Why we say the creeds!

NO, THE 39 ARTICLES ARE NOT ‘LOST PROPERTY’

This review of Dr Gerald Bray’s exposition of the Church of England’s 39 Articles of Religion appeared in February’s edition of Evangelicals Now under the interrogative headline ‘Lost Property?’.

The answer to the EN sub-editor’s question is – no, the 39 Articles are not lost property, for Canon A5 affirms that, along with the Book of Common Prayer and the Ordinal, they express the biblical doctrine of the Church of England.

THE FAITH WE CONFESS:
An Exposition of the Thirty-nine Articles
Gerald Bray
The Latimer Trust, pp236, £9.99 (£8 online from Latimer)
ISBN 978-0-946307-84-5

Dr Bray uses his profound depth of doctrinal and historical knowledge to unearth the firm evangelical foundations of the Church of England.

The established Church is currently in big problems but Latimer’s director of research shows that its 39 Articles of Religion contain sound biblical doctrine.

That is why The Faith we Confess deserves to be recommended reading for evangelicals considering Anglican ministry and should inspire confidence.

But it is also helpful for church members. Because it is a collection of pithy essays on each Article, with an excellent introduction, it can be used for example at a church council meeting. I used part of his essay on the Three Creeds (Article 8) at a PCC recently.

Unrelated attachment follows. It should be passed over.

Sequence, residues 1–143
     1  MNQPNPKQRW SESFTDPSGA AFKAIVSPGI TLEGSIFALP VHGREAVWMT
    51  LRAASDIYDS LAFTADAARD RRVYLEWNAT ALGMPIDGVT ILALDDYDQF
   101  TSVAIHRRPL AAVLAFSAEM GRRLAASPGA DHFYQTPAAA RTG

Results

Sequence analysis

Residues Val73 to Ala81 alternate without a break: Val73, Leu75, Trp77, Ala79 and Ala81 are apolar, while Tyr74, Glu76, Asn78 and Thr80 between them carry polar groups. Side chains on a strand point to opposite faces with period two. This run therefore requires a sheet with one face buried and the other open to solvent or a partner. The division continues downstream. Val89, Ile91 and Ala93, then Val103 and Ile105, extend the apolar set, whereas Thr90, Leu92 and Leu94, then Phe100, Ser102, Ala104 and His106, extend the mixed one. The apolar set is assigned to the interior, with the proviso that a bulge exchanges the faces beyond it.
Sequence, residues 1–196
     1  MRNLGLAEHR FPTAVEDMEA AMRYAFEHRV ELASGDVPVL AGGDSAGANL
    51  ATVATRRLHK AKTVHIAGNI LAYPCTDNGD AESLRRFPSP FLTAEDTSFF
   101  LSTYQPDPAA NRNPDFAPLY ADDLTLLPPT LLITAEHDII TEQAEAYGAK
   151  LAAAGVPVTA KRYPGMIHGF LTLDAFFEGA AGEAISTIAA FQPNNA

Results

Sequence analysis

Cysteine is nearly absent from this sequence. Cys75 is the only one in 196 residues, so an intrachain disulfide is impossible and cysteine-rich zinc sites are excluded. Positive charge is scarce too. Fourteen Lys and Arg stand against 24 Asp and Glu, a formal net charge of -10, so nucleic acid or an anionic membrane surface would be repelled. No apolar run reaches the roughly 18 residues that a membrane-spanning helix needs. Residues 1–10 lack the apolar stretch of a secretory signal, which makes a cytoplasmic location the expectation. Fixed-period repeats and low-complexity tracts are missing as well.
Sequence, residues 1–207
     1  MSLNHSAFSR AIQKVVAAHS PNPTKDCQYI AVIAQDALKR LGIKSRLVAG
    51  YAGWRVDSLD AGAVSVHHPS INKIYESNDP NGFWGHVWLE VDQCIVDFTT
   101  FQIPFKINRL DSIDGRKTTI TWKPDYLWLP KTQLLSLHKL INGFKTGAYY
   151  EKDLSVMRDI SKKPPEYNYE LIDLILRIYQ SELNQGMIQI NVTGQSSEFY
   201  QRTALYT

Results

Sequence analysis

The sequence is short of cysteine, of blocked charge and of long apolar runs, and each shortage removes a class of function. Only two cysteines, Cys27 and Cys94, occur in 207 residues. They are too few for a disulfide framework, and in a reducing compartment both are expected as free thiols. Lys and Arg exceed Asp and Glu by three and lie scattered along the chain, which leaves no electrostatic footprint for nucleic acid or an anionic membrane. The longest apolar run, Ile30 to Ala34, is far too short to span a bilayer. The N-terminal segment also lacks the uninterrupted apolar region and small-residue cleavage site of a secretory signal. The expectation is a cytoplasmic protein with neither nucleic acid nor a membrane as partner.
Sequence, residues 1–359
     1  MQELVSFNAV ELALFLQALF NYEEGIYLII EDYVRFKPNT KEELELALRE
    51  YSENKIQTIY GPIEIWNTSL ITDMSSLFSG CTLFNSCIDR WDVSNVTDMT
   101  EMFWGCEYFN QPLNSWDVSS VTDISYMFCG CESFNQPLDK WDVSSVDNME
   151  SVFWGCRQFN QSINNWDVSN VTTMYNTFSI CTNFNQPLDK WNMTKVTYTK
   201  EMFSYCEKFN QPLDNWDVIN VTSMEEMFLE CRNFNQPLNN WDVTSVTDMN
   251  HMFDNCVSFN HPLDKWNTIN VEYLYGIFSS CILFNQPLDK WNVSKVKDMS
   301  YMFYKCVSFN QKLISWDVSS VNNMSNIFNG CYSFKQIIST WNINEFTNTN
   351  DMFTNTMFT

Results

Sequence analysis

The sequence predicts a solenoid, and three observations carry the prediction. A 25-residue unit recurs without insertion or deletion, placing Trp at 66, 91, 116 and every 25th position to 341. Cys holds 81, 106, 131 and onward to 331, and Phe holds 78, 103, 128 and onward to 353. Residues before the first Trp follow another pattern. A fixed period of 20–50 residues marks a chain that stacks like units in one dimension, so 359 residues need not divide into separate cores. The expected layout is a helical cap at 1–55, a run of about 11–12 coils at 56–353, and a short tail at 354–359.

I had to point out that there was some specialist language, a bit of Latin and one German location I could not pronounce but that if we listened carefully we would know more about the two creeds we say regularly in church – the Nicene and the Apostles’ – at the end than we did at the beginning.

Dr Bray lucidly shows how Article 8, characteristically of the 39, treats the Bible as the supreme authority:

Acceptance of the creeds was common to the main Reformation churches, but the reasons for this were different from the ones usually put forward by the Roman Catholic Church or sometimes advocated by ecumenical bodies today. The latter like to refer to the tradition of the church, and the more universal that tradition is, the more acceptable is the creed…Article 8 advocates accepting the creeds not for traditional reasons, but because they state the clear and unequivocal teaching of Holy Scripture (p56).

So no ambiguity there. The Christ we confess in the creeds rules his church by ‘God’s Word written’ (as Article 20 refers to the Bible).

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